Born in the south east of Ireland, Simon put his life-long love of football to good use when he started a successful independent blog in 2010. That opened up an alternative route to a career in journalism, and having had work published across a number of sites and publications, Simon joined the staff at Spotlight Sports Group in 2018.
When Liverpool beat Manchester City 2-1 in the unsuitably named International Champions Cup at the end of July in New Jersey, most would have seen the result as inconsequential.
It could be argued that a result between two relatively under strength, experimental teams feeling their way into fitness under the sun at the MetLife Stadium in East Rutherford is of little importance, though in truth, there was much more to it.
Liverpool’s win was their fourth victory in four meetings with Manchester City in 2018 and even though its significance barely registers when compared to their Premier League and Champions League wins against City in the closing months of last season, the Stateside triumph ever so slightly tightened the physiological grip Jurgen Klopp has on Pep Guardiola.
The New Jersey contest was the seventh encounter between Jurgen Klopp and Pep Guardiola as managers of Liverpool and Manchester City respectively, and the German has won five of them.
For a perfectionist like Guardiola, that statistic is bound to rankle. Moreover, the string of defeats hints that Pep’s footballing doctrine might not be as sacrosanct as first thought.
Every new Liverpool victory this year seemed to poke a fresh hole in City’s reputation and with each roll of the red tide, the sands of their invincibility eroded a little further.
City had lost just once in 2017/18 before their 4-3 defeat to Liverpool on January 14th. They were beaten a further five times after their reverse at Anfield before the season finished.
Of course, Liverpool were responsible for two more of those defeats, but the general post-Anfield confidence wobble was noticeable. That initial reverse left City looking like a supremely gifted boxer who had been caught by their first accurate counter-punch. They had been forced to take their first backward step and it hurt.
Liverpool landed several more heavy blows when they trampled all over Manchester City in the Champions League Quarter Final first leg on April 4th. The 3-0 scoreline and performance that delivered it was as convincing a win as they come.
By the time Liverpool took the lead late on in the second leg at the Etihad a week later, Jurgen Klopp’s maniacal celebrations and gesticulations had been dialled down to level zen. The teeth grinding and air punching had been replaced by a satisfied smile and an expression that read “I know how to beat you”.
A rivalry born in Germany
Jurgen Klopp and Pep Guardiola first occupied opposite dugouts on July 27th 2013 at the German Super Cup final between Borussia Dortmund and Bayern Munich. A brace from Marco Reus, an own goal from Daniel Van Buyten and a strike from current Man City star Ilkay Gundogan helped Klopp and Dortmund to a 4-2 win.
That day, at the Signal-Iduna-Park, Guardiola was given his first taste of a “rock and roll” style of play that was the perfect counter-system to his own – a tactical blueprint that folded his own back on itself.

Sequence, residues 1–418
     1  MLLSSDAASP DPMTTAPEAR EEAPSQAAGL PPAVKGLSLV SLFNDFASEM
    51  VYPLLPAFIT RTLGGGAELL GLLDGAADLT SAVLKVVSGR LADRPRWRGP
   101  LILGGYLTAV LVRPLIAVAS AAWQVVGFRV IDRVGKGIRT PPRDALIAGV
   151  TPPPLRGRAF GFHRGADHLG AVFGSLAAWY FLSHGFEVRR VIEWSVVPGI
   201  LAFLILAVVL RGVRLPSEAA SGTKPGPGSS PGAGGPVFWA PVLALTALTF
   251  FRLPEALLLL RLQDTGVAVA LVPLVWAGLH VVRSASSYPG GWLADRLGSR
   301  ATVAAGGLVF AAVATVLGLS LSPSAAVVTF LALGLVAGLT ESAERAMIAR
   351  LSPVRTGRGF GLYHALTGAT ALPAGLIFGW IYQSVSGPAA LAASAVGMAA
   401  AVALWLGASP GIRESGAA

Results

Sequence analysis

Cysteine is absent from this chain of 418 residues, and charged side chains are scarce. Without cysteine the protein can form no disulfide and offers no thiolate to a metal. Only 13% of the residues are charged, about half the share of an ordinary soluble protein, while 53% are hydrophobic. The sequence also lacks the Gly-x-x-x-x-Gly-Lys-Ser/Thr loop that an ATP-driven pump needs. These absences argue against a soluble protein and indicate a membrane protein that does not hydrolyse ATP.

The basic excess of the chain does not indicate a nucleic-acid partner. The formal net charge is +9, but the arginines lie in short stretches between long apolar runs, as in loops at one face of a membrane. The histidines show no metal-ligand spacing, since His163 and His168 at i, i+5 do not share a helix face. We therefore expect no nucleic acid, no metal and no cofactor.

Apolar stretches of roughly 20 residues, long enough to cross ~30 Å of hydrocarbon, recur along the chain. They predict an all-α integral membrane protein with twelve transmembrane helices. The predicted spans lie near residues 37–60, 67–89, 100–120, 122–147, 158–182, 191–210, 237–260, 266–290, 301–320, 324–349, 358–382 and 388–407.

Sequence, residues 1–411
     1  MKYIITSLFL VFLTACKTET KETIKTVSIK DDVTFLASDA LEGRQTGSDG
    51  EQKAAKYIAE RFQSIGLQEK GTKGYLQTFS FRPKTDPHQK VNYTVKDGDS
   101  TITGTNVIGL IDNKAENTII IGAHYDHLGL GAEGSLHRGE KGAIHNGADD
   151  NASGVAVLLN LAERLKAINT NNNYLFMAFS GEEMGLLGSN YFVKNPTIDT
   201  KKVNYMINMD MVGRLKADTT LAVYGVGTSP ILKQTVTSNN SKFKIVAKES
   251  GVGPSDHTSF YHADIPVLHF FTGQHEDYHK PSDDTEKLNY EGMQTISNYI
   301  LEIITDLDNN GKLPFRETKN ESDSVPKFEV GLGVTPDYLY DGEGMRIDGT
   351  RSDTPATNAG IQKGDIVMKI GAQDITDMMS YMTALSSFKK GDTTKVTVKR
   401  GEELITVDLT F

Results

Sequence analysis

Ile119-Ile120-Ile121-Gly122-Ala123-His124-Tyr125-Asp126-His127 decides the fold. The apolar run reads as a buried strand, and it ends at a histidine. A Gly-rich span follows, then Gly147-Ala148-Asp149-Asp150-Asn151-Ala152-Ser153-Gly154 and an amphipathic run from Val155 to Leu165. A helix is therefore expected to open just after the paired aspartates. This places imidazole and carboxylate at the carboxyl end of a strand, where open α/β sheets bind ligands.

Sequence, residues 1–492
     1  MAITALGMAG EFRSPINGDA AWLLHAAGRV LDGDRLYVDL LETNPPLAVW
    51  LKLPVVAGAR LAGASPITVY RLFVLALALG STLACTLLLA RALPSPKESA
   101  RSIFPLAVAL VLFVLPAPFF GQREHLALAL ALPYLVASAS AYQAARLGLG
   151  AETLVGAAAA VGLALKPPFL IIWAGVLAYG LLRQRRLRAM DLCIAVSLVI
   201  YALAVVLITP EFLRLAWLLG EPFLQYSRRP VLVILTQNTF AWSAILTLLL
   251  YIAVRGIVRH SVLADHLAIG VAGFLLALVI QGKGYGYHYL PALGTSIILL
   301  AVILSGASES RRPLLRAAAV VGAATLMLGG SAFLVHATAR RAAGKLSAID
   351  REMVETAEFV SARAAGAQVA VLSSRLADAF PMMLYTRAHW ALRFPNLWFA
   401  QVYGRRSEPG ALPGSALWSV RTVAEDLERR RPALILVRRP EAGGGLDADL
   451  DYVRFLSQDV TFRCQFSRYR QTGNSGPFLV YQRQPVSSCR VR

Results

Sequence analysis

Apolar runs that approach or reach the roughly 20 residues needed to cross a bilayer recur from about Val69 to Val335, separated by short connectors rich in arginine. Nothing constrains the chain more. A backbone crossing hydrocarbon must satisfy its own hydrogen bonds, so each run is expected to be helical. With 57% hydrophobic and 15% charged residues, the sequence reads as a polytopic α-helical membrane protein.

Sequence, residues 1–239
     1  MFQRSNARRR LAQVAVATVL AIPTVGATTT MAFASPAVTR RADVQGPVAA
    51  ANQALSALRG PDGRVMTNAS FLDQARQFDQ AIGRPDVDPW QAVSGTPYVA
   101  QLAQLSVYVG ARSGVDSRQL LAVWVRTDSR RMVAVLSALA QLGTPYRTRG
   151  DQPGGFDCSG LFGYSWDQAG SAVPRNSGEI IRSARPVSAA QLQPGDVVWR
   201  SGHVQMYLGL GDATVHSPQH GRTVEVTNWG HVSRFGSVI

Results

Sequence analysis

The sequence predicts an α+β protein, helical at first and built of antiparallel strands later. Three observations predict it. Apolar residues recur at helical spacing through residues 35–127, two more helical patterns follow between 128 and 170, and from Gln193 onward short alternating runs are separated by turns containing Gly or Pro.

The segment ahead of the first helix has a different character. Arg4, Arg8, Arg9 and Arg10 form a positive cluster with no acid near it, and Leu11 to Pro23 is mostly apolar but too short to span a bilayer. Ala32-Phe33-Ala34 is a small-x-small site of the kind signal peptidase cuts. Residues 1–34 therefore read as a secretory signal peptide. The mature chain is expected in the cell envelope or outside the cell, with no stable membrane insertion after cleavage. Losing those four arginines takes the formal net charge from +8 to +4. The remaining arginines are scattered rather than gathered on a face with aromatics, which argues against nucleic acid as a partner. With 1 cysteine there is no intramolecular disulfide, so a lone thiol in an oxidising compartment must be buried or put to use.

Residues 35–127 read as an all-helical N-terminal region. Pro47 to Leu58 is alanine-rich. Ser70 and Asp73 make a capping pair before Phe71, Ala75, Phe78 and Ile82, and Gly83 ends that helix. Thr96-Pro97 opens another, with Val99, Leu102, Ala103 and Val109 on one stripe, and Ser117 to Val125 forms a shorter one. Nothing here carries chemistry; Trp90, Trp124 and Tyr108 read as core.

For the next two years, Dortmund and Bayern battled for supremacy in Germany and before Klopp’s departure in the summer 2015, he and Guardiola had locked horns tactically on eight occasions. Guardiola won four of those, Klopp three and the teams drew their last meeting in the DFB-Pokal semi-final.
Dortmund won the contest on penalties, but eventually lost the Final to Wolfsburg in Jurgen Klopp’s last game in charge of Die Borussen. Pep waved goodbye to Klopp with one hand and held a clutch of Bundesliga winners medals in the other.
The pair wouldn’t be apart for long however – Klopp moved to Liverpool the following October and Guardiola sought out his adversary in the Premier League less than a year later.
A rivalry reignited on Sunday
Jurgen Klopp and Pep Guardiola renew their rivalry on Sunday at Anfield as managers of England’s two best teams. Manchester City and Liverpool occupy the top two positions in the Premier League to add positional weight, in Liverpool’s case at least, to the roundly held view that these are the best two sides the country currently has to offer.
Both Liverpool and Manchester City take unbeaten Premier League records into Sunday’s game at Anfield, though City’s is the one that feels most under threat.
City’s task this weekend is double edged and doubly difficult. Finding a tactical tweak or new pattern to disrupt the one-way flow of results in this fixture in 2018 is job number one for Pep Guardiola. Job number two will be finding a way to earn City their first win at Anfield since 2003.
A high defensive line with patient rotation of possession in the middle third is what Liverpool will expect from City, and Jurgen Klopp will set his Anfield traps accordingly
To break Klopp’s current psychological and tactical hold over him and his team, it feels as though Guardiola has to try something different against Liverpool on Sunday. City’s chances of victory might hinge on how far he is willing to deviate from the footballing principles he so vehemently sticks to.
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